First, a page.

What is your NPS margin of error?
7 November 2022
Net Promoter Score (NPS) is a wildly popular measure, but it is rarely subject to the kind of statistical scrutiny that it should be.
There's no generally-agreed consensus on the right way to calculate margins of error (or confidence intervals) for NPS, and the result is that it is very rare for people to quote or even calculate margins of error for NPS.
This is a problem, because one thing we know for sure is that NPS has much wider margins of error than other headline measures. In this post we'll explain why margins of error matter, discuss some methods for calculating NPS margins of error, and share some data on how the different methods perform.
Why Margins of Error Matter
All survey statistics come with a margin of error or confidence interval (we'll use those terms interchangeably), which captures the fact that no sample can give a perfect measurement of the population it represents.
If you don't know what your margin of error is, then you have no way of knowing whether or not you should trust the results of your survey. You don't know whether this month's score is really higher or lower than last month's, you don't know whether the differences between customer groups are real, and you don't know how your score really compares to whatever benchmarks or targets you're interested in.
Without margins of error, a survey score is little better than guessing.
If we've done our sampling and questionnaire design well then we will have minimised the chance that systematic error or bias might distort our survey findings (non response bias, leading questions, and convenience samples are all examples of things which might create a systematic bias), but even so all samples are affected by random measurement error.
To make good decisions, we need to know how wide those margins of error are.
Calculating NPS Margins of Error
There are standard and agreed methods for calculating confidence intervals for most survey statistics, whether mean scores or percentages, but there is not yet a consensus on the best way to calculate NPS margins of error. Below we review and test four of the most popular methods.
[To make things a bit simpler, we're using z-values instead of t-values in each case, so these formulas are only applicable with samples of at least 30. And if that all sounds like gobledigook, don't worry about it for now!]
Confidence Interval for a Mean Score
This is probably the easiest method for most people, although it's harder to see the theoretical justification for it.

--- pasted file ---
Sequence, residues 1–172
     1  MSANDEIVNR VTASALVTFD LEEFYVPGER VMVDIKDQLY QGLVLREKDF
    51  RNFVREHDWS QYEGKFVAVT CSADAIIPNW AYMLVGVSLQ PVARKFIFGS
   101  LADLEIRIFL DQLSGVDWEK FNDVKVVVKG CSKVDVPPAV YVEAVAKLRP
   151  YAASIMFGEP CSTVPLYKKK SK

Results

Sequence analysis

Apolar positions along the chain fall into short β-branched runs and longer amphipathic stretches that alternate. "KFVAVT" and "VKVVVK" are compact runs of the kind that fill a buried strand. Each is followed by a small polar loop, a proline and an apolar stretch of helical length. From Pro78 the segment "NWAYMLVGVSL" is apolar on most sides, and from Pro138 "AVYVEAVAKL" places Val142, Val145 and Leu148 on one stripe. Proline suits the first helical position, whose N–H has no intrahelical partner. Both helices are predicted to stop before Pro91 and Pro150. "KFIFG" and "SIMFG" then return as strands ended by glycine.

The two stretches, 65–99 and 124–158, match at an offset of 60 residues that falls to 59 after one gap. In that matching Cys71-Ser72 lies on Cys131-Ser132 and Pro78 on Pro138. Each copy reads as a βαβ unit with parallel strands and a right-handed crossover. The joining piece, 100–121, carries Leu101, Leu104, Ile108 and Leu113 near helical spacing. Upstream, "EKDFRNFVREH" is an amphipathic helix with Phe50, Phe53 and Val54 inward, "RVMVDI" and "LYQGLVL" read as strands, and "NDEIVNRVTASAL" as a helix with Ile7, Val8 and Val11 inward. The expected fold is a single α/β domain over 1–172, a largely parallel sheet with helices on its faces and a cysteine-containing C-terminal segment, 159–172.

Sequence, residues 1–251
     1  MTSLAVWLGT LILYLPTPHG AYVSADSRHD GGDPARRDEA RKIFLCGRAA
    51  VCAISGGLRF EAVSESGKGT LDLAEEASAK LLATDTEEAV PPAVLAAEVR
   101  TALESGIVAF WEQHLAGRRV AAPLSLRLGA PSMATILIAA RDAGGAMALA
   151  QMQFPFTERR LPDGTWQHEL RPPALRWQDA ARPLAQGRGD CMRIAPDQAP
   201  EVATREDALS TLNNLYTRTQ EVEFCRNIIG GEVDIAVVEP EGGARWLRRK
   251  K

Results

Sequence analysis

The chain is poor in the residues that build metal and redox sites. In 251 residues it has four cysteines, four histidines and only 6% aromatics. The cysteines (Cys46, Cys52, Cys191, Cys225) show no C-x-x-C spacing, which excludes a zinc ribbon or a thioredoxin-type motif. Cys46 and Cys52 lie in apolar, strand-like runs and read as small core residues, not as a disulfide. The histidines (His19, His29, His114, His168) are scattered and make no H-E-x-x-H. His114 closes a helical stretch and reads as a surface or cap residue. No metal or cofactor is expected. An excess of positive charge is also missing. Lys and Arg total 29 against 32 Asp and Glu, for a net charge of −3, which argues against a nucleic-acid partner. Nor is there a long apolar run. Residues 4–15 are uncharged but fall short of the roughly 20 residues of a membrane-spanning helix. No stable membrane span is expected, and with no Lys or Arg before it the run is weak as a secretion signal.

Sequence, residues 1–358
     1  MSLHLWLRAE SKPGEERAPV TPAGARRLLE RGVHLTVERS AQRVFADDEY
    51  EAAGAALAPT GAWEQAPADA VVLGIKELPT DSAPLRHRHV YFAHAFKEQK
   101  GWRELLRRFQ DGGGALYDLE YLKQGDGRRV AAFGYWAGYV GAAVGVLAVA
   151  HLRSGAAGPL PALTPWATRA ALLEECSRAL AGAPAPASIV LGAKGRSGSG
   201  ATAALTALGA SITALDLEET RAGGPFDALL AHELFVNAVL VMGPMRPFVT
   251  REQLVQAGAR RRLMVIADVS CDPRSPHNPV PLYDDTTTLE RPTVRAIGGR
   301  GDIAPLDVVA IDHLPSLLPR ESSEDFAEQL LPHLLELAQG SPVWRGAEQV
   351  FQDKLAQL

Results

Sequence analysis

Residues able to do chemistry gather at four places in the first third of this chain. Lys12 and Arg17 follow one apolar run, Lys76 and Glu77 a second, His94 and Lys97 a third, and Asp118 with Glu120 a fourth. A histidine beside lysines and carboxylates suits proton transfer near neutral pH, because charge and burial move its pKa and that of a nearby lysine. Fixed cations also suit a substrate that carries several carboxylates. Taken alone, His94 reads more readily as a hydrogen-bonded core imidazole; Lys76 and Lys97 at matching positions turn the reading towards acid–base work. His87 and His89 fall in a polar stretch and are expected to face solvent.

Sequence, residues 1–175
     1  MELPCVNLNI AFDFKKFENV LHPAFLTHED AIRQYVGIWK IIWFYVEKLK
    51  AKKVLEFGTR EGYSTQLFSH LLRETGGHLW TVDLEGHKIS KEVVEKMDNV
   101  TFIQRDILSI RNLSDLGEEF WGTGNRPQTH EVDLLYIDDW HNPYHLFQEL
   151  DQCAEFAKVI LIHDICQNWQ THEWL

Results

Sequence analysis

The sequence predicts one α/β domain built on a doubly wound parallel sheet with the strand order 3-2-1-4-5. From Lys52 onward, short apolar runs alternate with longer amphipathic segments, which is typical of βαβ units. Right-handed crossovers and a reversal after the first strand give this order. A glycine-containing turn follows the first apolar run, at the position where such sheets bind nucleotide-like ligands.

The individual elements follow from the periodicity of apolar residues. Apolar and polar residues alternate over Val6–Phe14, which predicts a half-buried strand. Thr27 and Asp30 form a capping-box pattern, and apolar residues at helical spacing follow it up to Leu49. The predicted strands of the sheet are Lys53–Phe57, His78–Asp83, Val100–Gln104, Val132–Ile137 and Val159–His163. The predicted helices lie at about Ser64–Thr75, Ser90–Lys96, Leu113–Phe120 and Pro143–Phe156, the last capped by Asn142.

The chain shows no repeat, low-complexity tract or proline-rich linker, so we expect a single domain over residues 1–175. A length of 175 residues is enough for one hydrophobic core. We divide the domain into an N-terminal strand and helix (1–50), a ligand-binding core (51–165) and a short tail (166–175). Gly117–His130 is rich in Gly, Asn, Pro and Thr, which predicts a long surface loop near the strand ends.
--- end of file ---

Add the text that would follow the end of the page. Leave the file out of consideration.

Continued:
One way to think about, and calculate, NPS is to recode your data so that Detractors are given a value of -1, Passives a 0, and Promoters 1. This means that you can now work out your NPS as a simple mean average of your data, which makes it much easier to analyse results for subgroups (for instance by using Pivot Tables in Excel).
It also means that you can calculate a confidence interval in the same way that you would for a mean score, based on the standard deviation (SD) and sample size (n). The formula for the 95% confidence interval is:
And you can work it out in Excel using =CONFIDENCE(0.05,SD,n). Easy!
Bootstrap Confidence Intervals
A more robust method for calculating confidence intervals, and one that can be used to work out margins of error for many statistics for which there is no classical way of calculating them, is "bootstrapping".
This technique works by creating thousands of new samples from your sample, with replacement, to replicate how statistics would vary in different surveys we might have run with customers. By taking the range covered by the middle 95% of our bootstrap samples we can create a 95% confidence interval range for any statistic, including NPS.
That sounds a little like magic, like you're conjuring imaginary samples from nowhere, which is why the name nods towards the idea of "pulling yourself up by your bootstraps." It can be a tricky thing to wrap your head round, but this approach to statistics has proven remarkably effective.
There's no formula this time, but you will need some way of running a bootstrap analysis.
The Wald interval is a common way to calculate confidence intervals for a proportion or percentage, but because NPS is built on two percentages rather than a single percentage, we need to calculate it a little differently.